I love your rants, they make me happy. Electronic gizmos are absolutely only meant to augment common sense, not replace it. It is truly sad how so many people run around like little blind moles not having a clue where they are or how anything around them works. Just eat, poop, sleep, and push buttons... What an existence.

Being basically curious how things work around you is a very basic human attribute that everyone should have. It leads to logical conclusions like, "well if the sun rises in the east and sets in the west, it would stand to reason that the sun would be easterly in the morning and westerly in the afternoon... and living in the northern hemisphere, it would be a bit toward the south at midday, since the sun is down in the direction of the equator... and between those, it would be between those (southeast, southwest, etc)" Oh damn, did I just ruin the magic for someone? awww...

I've noticed there are basically 3 kinds of people:

1. Those who generally keep a complete map of their surroundings in their heads at all times. Full situational awareness, putting everything together. Whether they've ever seen a map or not.

2. Those who generally only remember a history of what they've seen and what they've done, i.e. landmarks, turns, etc. Only history/event awareness, without putting it together spatially.

3. Those who just aimlessly wander or follow. No awareness at all.

Of course there are some degrees between them, but people seem to naturally gravitate toward one of the three. And yes, blindly following (technology, people, etc) all your life without thinking about why and how can lead more people to not develop toward #2 or #1, they are skills learned. The skills are much easier for some to learn than others, but everyone who has them learned them, it's not there automatically. Common sense is learned, not common. It can be self taught though.

BuckMay 8, 2015 4:16 PM

@rgaff

Then... as a result... a foreign government uses said weaknesses to spy on a top secret CIA operation happening on their soil, investigate, and bring charges against them for illegal activities???
...
Didn't I see a slide that said "CIA does nothing"... What the heck. They're all ok with this?
I doubt it... I'd expect the CIA to be much more than OK with this... They're probably quite pleased in fact. What with all the public exposure of outdated spycraft, it's probably easier than ever for them to blend in with the crowds of digital privacy advocates, journalists, lawyers, and political dissidents from repressive regimes! :-D

peterMay 9, 2015 12:19 AM

Clive Robinson:
"Way way to many people are becoming unselfreliant because they think that technology will save their neck when their poor preparation and planning gets them into trouble."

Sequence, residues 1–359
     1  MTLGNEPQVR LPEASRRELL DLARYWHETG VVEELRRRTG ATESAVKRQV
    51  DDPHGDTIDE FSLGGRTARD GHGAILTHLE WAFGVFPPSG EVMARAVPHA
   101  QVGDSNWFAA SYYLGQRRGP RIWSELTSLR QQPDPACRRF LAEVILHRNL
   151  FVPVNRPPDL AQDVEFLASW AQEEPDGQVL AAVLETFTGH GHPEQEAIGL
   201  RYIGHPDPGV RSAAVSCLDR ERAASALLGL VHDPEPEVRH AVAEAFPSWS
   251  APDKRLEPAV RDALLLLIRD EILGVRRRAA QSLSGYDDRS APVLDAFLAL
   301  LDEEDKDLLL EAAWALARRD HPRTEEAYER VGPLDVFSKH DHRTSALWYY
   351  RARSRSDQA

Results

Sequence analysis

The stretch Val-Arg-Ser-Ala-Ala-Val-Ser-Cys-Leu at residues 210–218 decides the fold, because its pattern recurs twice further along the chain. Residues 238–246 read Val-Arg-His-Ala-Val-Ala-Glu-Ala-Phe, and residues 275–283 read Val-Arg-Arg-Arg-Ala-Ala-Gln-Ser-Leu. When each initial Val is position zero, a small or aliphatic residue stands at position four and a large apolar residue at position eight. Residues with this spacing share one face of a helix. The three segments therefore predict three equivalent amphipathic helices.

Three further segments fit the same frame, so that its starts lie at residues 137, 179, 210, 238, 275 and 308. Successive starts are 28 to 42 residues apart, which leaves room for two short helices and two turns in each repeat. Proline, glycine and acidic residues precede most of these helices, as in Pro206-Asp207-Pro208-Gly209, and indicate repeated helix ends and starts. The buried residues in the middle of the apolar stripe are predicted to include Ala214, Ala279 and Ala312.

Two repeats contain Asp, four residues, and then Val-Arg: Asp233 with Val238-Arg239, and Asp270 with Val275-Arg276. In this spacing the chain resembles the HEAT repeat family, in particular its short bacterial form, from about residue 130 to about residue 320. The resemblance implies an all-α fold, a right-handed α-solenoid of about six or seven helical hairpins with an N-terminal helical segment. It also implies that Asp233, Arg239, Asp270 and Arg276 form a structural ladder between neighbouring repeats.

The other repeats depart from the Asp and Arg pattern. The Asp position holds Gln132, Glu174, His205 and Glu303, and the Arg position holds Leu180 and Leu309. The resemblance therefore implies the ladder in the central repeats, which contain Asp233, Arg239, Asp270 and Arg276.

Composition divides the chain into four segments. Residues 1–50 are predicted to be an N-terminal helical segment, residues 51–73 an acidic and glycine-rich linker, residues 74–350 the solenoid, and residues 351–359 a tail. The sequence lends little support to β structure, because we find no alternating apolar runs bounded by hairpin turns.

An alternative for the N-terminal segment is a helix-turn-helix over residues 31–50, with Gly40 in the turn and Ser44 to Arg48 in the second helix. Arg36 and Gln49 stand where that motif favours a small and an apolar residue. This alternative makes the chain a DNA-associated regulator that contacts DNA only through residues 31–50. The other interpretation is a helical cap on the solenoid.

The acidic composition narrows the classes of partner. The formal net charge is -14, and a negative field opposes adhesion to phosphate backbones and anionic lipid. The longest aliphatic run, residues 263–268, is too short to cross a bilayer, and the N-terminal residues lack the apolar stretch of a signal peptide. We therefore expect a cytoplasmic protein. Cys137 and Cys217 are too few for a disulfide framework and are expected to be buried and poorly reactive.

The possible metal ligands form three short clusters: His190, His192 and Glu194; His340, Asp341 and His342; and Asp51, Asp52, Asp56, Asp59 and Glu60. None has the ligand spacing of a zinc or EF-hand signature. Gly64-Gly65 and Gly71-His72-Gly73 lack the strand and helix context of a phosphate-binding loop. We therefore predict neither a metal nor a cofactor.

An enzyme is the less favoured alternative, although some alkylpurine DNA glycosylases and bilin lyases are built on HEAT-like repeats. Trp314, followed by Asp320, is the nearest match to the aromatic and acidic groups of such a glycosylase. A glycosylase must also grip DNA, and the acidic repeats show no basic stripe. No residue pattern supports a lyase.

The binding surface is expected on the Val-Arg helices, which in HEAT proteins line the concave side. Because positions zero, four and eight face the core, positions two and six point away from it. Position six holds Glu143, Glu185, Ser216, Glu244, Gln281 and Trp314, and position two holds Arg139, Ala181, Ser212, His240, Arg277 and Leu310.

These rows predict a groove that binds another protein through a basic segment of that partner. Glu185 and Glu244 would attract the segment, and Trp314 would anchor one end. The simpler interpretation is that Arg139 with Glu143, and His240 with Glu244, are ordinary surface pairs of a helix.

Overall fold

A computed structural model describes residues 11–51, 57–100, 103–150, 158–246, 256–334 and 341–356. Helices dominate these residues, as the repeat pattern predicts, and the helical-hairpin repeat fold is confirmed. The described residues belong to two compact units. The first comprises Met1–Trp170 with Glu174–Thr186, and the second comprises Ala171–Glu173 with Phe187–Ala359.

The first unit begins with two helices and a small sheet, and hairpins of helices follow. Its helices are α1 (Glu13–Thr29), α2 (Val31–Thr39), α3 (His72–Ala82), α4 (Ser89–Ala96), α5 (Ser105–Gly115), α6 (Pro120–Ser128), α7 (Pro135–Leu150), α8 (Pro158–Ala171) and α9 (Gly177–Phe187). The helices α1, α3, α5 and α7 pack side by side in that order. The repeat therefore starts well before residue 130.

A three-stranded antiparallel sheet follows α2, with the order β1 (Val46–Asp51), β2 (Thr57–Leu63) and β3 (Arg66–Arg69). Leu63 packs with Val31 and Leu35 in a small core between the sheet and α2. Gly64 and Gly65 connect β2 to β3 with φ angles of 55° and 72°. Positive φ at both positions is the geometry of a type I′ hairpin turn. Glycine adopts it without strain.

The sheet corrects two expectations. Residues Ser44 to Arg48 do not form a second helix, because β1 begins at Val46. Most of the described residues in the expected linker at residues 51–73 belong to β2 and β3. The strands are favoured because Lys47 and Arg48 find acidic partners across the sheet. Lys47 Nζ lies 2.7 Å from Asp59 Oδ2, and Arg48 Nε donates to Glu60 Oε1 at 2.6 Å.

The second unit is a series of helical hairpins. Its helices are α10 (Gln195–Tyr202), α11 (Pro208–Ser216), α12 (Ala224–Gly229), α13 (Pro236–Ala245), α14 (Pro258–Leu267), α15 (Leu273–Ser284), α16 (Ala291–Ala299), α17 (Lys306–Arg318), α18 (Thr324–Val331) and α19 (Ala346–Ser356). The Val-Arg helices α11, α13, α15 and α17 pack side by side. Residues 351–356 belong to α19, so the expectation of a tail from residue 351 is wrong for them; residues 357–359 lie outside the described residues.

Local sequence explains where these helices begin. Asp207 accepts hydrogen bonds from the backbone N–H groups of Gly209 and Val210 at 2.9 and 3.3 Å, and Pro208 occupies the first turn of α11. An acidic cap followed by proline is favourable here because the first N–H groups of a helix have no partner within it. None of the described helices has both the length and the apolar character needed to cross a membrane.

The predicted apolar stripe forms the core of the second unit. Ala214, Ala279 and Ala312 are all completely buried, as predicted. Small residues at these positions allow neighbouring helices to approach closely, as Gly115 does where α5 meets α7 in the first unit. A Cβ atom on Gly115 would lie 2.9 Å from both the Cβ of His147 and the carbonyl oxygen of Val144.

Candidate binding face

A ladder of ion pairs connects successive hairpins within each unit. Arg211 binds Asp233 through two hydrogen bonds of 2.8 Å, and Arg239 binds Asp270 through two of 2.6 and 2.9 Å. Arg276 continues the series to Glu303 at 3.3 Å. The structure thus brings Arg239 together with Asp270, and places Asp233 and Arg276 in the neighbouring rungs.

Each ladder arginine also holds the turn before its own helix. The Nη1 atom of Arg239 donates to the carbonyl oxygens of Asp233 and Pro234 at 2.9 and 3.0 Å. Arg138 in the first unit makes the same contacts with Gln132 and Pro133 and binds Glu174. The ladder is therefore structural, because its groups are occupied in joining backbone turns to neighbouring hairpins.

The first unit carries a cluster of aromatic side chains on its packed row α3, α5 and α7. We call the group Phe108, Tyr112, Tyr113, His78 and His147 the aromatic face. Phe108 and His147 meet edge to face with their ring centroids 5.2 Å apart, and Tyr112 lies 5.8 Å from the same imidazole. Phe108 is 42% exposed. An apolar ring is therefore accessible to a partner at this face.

You mustn't have piloted a flight or maneuvered a sub, neither have I, where in adverse situations, human control is advised to become second fodder to computer aids. Possible to land a flight in fog without computer guides? Highly doubt it.

rgaff:
"Being basically curious how things work around you is a very basic human attribute that everyone should have. It leads to logical conclusions"

I think you try too hard to pigeon hole people kinds. Which leaves me to ask, do you trust that map?

rgaffMay 9, 2015 12:37 AM

@ peter

I merely try to be observant, not only of what's around me physically, but of the people I meet too, and I like to try to understand how they work too. If making observations makes me a pigeon holer, then, oh welp.

If by "do you trust that map" you mean, do I trust my people observations to be accurate... no, not at all. But they're the best I've got until I make better ones. If you can enlighten me though please do.

01May 9, 2015 9:01 AM

Hillariously enough, back in the day when phones with "internal software"-erasable (and writable) imei were relatively rare and costly (which means phones where IMEI can be manipulated by software on the phone itself, as opposed to an external flashing suite... and yes, nowadays there are numerous phones with IMEI that can be trivially accessed or made trivially accessible) I did play around with writing software that would automatically manage imei/sim rotation for you, as well as maintain proper link with contacts as rotation occurs (so that the end user doesn't have to think about which conspirator has which number now)

And since it re-writes IMEI automatically, all you need is a steady inflow of "virgin" SIM cards to keep the thing spinning.

Just you know, playing spy for fun's sake (I am not a criminal mastermind, lol :) )

Nowadays it would be even simpler because rooted Androids are basically slightly screwed up linux boxes, and there's a metric crapton of cheap Android phones with poorly protected (or unprotected) IMEI write access, so very little specialized knowledge is needed to "make it happen".

CIA should really have a tool like that (In case any CIA folks would like to hire me or buy my humble notes and prototypes, feel free to drop a line right here in the comments ;-) )

Clive RobinsonMay 9, 2015 9:10 PM

@ rgaff,

I love your rants, they make me happy.

That's kind of you. I used to also make a few people smile with occasional jokes and observations but I managed to shock the Moderator one day, so I've had to stop :-( @Wael can provide a link if your interested.

@ Peter,

You mustn't have piloted a flight or maneuvered a sub, neither have I, where in adverse situations, human control is advised to become second fodder to computer aids. Possible to land a flight in fog without computer guides? Highly doubt it.